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Jack's Memory

by Liberty


A/N: This is for an English assignment! If you are going to review it, make sure not to tell me to add words, because it took forever to cut it down to 151. :) The limit is 150. 

It was winter time, and old Jack was staring out through the window from his bedroom. As usual, he remembered the death of his wife.

He recalled the spring woods, birds chirping, Ada's hand in his. Out of nowhere, the sky darkened.

A green dragon swooped down from the sky and grabbed Ada in its talons. Ada shrieked. When Jack shouted for help, a red dragon grabbed him and threw him into the bushes.

He heard a crack from his leg and whimpered.

The green dragon dropped Ada like a ragdoll. She screamed again, calling for help. The red dragon zoomed towards her and headbutted her, hurtling her towards the trees.

Then all went deadly quiet.

Horrified, Jack limped towards his wife, sobbing.

Now back into the present, Jack wiped the tears he hadn't noticed in his eyes. That was the past. Now he killed those creatures who killed his wife.


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Fri Jan 10, 2020 12:17 am
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tgham99 wrote a review...



This story packs a lot of action and quite a bit of meaning within such a small word count!

I won't go into corrections/grammar/anything like that since others have already left reviews of that nature, so I'll share my own opinion that you did a good job of capturing my attention with a story that is equal parts meaningful and adventurous. I particularly like little paragraph -- "Jack wiped the tears he hadn't noticed in his eyes" stood out a lot to me; I feel like in just a few words here, you've encompassed the fact that Jack is still plagued by the loss of his wife even when he's convinced himself that it's in the past.

Great short story all in all!




Liberty says...


Thanks for the review! :)



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Thu Jan 09, 2020 5:43 pm
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WinnyWriter wrote a review...



Hey, there! This is a nice little piece, and so exciting! Considering your limitation to a certain number of words, it's really imaginative and captivating. The story draws the reader in, and gives enough details to make it exciting without ripping away the sense of shock, awe, and mystery.

I really like how you show Jack as experiencing this memory in the form of flashback. However, I'd move the first italicized words to a new line to show when the actual narration of the flashback starts.

That being said, you've done well in showing that your character is a hero. You also wove in his motivation, which is really key to a good story. One can definitely see that he has dedicated his life to avenging the death of his wife. Too bad your word count limit kept you from telling us how Jack learned to conquer the dragons, because there's kind of an empty space there and then an abrupt ending. Considering what you had to work with, though, it's pretty great. You have an awesome talent. :)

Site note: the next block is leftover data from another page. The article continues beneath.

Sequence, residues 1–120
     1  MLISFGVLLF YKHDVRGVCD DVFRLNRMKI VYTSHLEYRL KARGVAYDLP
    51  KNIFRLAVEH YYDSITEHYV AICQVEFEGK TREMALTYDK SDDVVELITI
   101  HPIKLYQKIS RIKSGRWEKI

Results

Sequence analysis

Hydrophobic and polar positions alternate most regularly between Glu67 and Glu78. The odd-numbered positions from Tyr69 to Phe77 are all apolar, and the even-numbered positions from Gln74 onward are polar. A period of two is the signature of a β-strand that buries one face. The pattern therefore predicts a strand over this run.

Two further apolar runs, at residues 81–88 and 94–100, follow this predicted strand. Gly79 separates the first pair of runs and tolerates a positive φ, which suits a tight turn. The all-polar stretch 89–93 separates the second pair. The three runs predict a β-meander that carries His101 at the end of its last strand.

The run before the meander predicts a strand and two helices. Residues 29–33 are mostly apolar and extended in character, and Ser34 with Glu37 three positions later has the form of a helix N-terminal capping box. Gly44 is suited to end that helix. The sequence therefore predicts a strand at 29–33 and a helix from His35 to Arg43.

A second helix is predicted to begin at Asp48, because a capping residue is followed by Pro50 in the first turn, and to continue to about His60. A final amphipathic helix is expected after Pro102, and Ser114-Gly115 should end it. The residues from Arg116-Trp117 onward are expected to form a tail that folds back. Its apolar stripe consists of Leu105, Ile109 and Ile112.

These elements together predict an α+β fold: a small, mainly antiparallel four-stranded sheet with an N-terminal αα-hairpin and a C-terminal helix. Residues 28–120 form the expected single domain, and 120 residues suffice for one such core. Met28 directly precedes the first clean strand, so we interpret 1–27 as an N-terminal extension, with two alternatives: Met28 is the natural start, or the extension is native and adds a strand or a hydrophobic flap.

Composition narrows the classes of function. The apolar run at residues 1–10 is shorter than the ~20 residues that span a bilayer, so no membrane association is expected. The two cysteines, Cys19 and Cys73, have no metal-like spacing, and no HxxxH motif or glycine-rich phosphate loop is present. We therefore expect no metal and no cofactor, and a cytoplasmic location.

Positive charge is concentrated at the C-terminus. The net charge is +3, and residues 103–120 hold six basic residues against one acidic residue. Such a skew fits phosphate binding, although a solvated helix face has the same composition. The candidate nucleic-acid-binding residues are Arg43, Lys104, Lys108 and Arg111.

Liberty says...


Thanks for the review! I had help from @niteowl and @MeherazulAzim16 - my previous reviewers too, since I edited it after their reviews. :)



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Wed Jan 08, 2020 5:54 pm
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MeherazulAzim16 wrote a review...



Hi Liberty!

I think I can help cut some more words down. But, remember, these are merely suggestion.

Suddenly he was back in the woods...

I don't think "suddenly" adds anything to the sentence here. "He was back in the woods..." works just fine. Also, you've already established in the previous paragraph that he is taking a trip down the memory lane. So it's not really happening suddenly.

Out of nowhere, the sky darkened.

How about: Then the sky darkened.

A yucky green dragon swooped down from the now-dark-sky and grabbed Ada in its sharp claws. Ada shrieked; as soon as Jack shouted for help, a red dragon came gliding down, grabbed and threw Jack into the bushes.

I feel like the events in this paragraph needed to be described better. But I understand that you had a length constraint. Considering that you did good here. The "A yucky green dragon swooped down" part was unexpected and had me hooked.

He yelled, ‘Ada!’ from the earthen ground.

I think you can leave out "from the earthen ground" altogether. You have already established in the previous paragraph that he is down on the ground.

The larger dragon...

Neither dragon had previously been described to be the larger dragon. I know that "let go of Ada" implies that it's the yucky green dragon that's larger, but I read that part after already having gone back to the previous paragraphs to scan for a mention. I think "The green dragon" works better, as it creates a clearer visual. Either dragon being larger also doesn't seem to add to the story.

The red dragon flew right underneath Ada, hardening her landing with its scales.

I thought the dragon was trying to save her. Or was he? Cool subversion of expectation there.